Stellar Quines and Village Pub Theatre will select three of these plays to be performed on 11th October by a team of professional actors and director at the Village Pub Theatre, Leith.
There is a fee available of £100 for the selected plays plus travel. You must be free to attend rehearsals and performance in Leith on 11th October in order to be considered.
Please submit your 10 minute play by midnight on Sunday 24th September using the online form.
Please note files will be uploaded to Stellar Quines’ Google Drive. To allow for file upload you will be required to sign in to Google to access the form. If you do not have a google account you will need to create one. If you would prefer not to submit a form via google please email Rebecca Davis with Village Pub Theatre in the subject title (Rebecca is on annual leave until the 18 September and will reply to queries promptly on her return).
Jaimini speaks to Janice Forsyth on BBC Radio Scotland about how her life in Dundee sowed the seeds for her new play, The Last Queen of Scotland with a live performance from Rehanna MacDonald.
Listen Here from 1:30:00
Rebecca Donnelly is delighted to be performing at the Fringe for the first time with Stellar Quines, performing in Patricia Panther’s role in The Last Queen of Scotland on Friday 18th and Saturday 19th August.
Her credits include : Still Game Live, Taking the Next Step, Glasgow Girls, We Will Rock You and Britains Got Talent. Rebecca loves being apart of a Scottish story and hopes you enjoy it too.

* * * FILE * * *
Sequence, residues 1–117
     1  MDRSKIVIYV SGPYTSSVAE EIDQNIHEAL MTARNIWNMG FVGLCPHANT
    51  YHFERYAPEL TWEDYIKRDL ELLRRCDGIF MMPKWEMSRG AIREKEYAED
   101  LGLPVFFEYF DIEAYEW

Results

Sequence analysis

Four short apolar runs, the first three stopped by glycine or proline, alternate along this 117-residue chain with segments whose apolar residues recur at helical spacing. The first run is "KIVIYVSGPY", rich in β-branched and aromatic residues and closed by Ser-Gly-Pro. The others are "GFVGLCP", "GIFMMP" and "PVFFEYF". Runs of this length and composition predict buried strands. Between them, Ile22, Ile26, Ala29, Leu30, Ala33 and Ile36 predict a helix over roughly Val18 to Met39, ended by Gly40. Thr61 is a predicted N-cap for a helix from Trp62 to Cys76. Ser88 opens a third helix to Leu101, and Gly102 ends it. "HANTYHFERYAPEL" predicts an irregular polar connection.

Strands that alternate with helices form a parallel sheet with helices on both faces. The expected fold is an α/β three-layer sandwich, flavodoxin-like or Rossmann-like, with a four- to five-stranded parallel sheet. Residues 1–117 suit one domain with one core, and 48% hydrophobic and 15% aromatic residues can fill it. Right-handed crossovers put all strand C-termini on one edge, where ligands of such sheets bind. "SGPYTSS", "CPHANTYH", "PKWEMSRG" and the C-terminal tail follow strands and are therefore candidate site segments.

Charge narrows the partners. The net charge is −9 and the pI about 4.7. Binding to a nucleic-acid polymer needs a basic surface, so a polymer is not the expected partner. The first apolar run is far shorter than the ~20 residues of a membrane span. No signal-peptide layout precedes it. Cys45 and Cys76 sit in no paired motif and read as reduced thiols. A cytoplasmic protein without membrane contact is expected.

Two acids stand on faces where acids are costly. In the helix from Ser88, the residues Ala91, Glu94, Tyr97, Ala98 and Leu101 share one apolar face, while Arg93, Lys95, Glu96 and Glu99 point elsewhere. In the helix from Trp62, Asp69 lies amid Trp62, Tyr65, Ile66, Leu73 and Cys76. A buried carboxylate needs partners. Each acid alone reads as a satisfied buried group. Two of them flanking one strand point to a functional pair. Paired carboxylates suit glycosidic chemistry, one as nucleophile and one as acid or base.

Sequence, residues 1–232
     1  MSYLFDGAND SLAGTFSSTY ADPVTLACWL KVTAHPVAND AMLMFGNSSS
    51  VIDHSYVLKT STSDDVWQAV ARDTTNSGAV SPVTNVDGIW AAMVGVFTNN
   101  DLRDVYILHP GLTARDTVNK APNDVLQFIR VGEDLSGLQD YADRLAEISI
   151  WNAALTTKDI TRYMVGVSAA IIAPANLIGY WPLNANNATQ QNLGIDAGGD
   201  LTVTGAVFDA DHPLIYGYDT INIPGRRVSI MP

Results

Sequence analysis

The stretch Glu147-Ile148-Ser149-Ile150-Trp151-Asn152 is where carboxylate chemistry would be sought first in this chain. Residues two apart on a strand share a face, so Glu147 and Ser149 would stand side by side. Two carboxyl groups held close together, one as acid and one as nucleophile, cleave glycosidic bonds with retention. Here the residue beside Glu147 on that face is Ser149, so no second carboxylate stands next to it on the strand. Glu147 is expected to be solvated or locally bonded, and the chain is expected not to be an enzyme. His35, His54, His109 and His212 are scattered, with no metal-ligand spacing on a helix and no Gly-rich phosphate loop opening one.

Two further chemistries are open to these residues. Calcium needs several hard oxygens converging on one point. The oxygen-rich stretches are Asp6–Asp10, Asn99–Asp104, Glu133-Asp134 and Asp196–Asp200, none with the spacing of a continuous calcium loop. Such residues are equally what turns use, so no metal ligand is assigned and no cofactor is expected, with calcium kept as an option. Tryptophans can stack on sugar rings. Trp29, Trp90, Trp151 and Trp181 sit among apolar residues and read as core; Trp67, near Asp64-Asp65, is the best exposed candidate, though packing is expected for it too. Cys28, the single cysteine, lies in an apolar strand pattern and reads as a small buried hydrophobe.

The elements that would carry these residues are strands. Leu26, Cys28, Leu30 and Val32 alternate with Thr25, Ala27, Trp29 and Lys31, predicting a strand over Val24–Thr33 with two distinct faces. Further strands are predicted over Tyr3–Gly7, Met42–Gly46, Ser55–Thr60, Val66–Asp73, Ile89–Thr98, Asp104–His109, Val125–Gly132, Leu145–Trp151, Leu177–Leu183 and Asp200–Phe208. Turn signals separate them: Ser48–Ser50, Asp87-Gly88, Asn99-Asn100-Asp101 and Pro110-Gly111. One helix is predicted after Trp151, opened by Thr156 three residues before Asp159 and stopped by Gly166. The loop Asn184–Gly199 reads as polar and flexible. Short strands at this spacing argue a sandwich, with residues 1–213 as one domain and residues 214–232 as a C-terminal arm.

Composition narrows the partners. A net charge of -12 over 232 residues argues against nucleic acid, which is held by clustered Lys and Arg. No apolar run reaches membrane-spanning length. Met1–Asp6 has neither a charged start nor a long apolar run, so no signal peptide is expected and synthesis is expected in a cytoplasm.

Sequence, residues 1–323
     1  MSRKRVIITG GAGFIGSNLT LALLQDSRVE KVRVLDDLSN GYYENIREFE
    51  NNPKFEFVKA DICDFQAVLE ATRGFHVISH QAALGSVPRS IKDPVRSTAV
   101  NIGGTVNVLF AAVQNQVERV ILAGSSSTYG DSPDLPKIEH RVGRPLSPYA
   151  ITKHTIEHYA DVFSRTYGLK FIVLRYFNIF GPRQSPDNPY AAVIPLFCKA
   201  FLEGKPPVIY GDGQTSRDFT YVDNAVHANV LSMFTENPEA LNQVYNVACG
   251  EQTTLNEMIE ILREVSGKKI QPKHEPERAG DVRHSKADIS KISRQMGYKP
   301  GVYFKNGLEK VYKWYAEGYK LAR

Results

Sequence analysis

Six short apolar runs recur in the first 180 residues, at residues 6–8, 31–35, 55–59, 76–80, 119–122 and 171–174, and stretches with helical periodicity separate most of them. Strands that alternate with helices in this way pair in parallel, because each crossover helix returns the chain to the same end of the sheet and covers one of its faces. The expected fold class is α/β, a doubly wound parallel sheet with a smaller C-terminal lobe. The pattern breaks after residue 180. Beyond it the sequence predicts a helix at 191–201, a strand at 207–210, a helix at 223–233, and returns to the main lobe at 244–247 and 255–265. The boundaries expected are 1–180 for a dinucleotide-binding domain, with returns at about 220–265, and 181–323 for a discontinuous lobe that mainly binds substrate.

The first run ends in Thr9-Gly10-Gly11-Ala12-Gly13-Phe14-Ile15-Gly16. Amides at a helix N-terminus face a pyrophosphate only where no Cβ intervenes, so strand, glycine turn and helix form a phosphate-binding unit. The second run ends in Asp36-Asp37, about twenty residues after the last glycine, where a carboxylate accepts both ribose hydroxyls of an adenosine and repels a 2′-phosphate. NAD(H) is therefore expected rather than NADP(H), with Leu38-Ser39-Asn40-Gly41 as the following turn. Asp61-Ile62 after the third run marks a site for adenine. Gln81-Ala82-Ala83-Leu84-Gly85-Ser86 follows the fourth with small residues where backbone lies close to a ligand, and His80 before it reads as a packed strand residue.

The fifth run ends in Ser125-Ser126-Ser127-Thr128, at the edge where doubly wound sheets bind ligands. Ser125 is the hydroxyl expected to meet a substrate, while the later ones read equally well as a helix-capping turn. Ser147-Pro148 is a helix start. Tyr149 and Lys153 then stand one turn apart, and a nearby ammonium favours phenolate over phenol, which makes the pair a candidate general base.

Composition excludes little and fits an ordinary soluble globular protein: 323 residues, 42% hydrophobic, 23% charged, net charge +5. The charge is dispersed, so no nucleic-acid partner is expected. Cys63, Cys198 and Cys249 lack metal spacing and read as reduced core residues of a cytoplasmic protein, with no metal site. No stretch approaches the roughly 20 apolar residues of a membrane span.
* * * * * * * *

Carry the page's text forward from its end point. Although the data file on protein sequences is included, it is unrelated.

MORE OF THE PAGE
When the official took Jaimini Jethwa’s passport on her arrival at Kampala, he looked at it for a long time. As he handed it back to her, he said only two words: “Welcome home.”
“Traditionally, Indian culture isn’t really interested in history in that sense,” she says. “I think they feel it’s much more important to move forward, their priority is to take care of their children. My dad has also got quite an African philosophy and approach to things. He doesn’t want to speak about Idi Amin. He says: ‘Why did you write about him?’”
It’s a story about identity, Levyck says, and how it’s sometimes not straightforward, like being a Ugandan Asian who speaks with a broad Dundonian accent. “Scotland is a changing nation, it’s becoming more integrated, it’s a very open nation, a very outward-looking international country, this felt to me like a really international story but with its roots really firmly stuck in something really local.”
“Maybe it’ll give the next generation of people a different perspective of who they are in the world and instead of sort of hiding and running away from things they could maybe step up and own their history.”
Jaimini Jethwa writer of Last Queen of Scotland speaks to BBC about how she has turned her family history into a show. Watch Here from 23:35
- Meet Jackie Crichton, one of our new Board Pioneers
- Scotsman preview – Fleur Darkin & Jemima Levick on blending theatre & dance in their production of The Lover
- Stephen McGinty, Sunday Times, chats to Fleur Darkin & Jemima Levick in rehearsal
- Neil Cooper of The Herald meets Jemima Levick & Fleur Darkin in rehearsal
- A bumper year for Stellar Quines!